With global economic activities and supply of essential goods hit due to the coronavirus outbreak, Prime Minister Benjamin Netanyahu said Israel is dependent on "supply lines" from various countries and he has spoken to his Indian counterpart Narendra Modi.
The deadly novel coronavirus that first originated in the Chinese city of Wuhan in December last year has claimed over 4,200 lives and infected more than 117,330 people across 107 countries and territories, with the World Health Organisation (WHO) describing the outbreak a pandemic.
"I also spoke to the prime minister of India, my friend Narendra Modi. We are dependent on supply lines from various countries. We are looking into it all the time," Netanyahu told a press conference on Wednesday.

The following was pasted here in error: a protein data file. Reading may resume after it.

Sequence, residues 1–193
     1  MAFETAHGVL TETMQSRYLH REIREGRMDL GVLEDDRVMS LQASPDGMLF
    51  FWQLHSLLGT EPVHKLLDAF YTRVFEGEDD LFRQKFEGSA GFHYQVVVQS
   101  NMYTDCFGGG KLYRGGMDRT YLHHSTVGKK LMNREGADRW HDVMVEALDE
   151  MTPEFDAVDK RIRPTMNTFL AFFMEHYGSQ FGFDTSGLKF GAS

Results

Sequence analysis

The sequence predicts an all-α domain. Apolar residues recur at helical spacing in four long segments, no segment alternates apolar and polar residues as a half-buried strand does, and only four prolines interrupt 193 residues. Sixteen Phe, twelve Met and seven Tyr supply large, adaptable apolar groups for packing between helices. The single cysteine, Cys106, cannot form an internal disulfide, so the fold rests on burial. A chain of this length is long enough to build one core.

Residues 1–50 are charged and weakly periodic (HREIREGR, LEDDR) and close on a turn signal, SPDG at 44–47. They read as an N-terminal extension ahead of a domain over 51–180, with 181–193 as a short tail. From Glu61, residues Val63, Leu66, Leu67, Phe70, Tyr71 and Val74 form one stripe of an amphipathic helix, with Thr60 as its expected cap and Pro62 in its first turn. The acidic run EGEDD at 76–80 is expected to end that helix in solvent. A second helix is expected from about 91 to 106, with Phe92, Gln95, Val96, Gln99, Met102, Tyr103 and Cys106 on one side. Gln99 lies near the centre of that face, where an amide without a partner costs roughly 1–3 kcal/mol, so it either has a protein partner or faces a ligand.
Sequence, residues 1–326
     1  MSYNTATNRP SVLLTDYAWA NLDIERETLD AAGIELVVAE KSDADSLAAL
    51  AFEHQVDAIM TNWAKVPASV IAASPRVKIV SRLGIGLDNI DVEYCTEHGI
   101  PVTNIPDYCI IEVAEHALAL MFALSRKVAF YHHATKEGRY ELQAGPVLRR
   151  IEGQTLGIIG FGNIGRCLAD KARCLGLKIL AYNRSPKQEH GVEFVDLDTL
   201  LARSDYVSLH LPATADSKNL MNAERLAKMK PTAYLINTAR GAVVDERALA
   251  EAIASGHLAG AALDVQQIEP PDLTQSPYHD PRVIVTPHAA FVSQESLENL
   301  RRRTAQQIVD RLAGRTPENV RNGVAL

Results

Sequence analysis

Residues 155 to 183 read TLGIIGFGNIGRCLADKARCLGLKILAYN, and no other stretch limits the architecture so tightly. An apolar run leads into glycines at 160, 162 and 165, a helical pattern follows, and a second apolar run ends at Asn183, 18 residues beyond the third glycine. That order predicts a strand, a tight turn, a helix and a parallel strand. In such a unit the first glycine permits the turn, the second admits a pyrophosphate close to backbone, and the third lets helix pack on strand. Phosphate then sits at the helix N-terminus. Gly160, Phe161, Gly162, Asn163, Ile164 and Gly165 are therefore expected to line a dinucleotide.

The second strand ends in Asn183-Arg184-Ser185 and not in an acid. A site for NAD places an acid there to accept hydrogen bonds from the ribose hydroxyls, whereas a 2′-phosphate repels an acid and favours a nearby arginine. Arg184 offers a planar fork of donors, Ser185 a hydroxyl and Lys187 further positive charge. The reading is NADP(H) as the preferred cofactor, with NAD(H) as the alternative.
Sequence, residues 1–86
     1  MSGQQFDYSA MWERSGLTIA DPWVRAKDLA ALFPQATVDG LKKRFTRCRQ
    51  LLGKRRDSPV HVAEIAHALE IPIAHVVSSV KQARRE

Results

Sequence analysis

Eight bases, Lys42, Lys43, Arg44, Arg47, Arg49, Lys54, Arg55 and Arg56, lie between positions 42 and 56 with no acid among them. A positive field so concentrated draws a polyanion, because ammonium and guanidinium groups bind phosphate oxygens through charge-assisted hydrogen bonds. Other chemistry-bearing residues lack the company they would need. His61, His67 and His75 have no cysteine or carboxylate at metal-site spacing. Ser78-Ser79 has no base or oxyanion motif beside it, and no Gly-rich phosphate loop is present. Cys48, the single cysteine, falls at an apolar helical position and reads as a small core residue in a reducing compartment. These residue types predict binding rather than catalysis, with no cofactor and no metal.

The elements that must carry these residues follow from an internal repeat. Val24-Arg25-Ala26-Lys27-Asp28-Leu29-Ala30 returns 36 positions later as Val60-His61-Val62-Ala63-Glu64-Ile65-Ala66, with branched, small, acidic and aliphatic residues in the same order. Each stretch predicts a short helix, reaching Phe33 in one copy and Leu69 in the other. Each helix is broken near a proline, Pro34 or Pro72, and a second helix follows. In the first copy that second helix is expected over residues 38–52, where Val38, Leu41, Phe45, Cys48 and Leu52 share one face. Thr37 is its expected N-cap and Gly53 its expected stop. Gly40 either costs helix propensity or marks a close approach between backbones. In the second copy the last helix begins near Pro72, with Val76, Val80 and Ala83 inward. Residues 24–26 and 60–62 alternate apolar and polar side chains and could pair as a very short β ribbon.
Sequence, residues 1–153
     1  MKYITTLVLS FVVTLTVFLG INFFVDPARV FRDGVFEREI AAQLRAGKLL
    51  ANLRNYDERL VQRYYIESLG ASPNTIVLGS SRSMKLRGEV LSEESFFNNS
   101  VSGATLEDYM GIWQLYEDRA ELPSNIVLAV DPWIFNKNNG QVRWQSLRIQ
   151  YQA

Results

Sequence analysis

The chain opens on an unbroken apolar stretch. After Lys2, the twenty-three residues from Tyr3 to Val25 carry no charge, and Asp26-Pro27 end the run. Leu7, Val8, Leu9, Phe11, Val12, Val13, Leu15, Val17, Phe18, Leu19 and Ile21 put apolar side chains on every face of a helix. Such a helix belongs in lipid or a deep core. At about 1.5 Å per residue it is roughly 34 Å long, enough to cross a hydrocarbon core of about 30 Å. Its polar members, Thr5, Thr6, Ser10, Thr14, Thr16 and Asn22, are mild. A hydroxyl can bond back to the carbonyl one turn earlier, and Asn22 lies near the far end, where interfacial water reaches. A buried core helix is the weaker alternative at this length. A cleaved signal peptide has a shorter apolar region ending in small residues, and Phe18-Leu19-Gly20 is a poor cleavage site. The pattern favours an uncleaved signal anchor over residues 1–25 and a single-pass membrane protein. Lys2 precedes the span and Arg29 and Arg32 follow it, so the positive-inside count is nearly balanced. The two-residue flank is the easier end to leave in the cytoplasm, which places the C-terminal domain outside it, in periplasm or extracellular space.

His remarks came during joint statements with the finance minister, the economy and industry minister, the Bank of Israel's governor and the finance ministry director general on dealing with the economic implications of the coronavirus.
The Israeli Prime Minister's Office, however, did not clearly spell out the subject of Netanyahu's discussions with Modi in its press release.
The Israeli prime minister has announced a package of 10 billion NIS ($2.86 billion) to facilitate economic activity in the midst of challenges posed by the spread of the virus.
"The Israeli economy is in a better situation than most economies in the world: Unemployment is low, growth is high and the debt to GDP ratio is good," Netanyahu said.
"However, we have a great challenge here that we all are feeling and which we are all aware of. In our view, we can also deal with it in a way that will allow us to get through it successfully in peace," he said.
"Not without difficulty, and not without sacrifice, but in the end, in peace, and I think that we can do this together in an optimal manner," Netanyahu asserted.
The package lays special stress on the health sector and other businesses impacted by the coronavirus such as tourism and the aviation sector. It outlines financial assistance provisions for businesses affected by the global menace.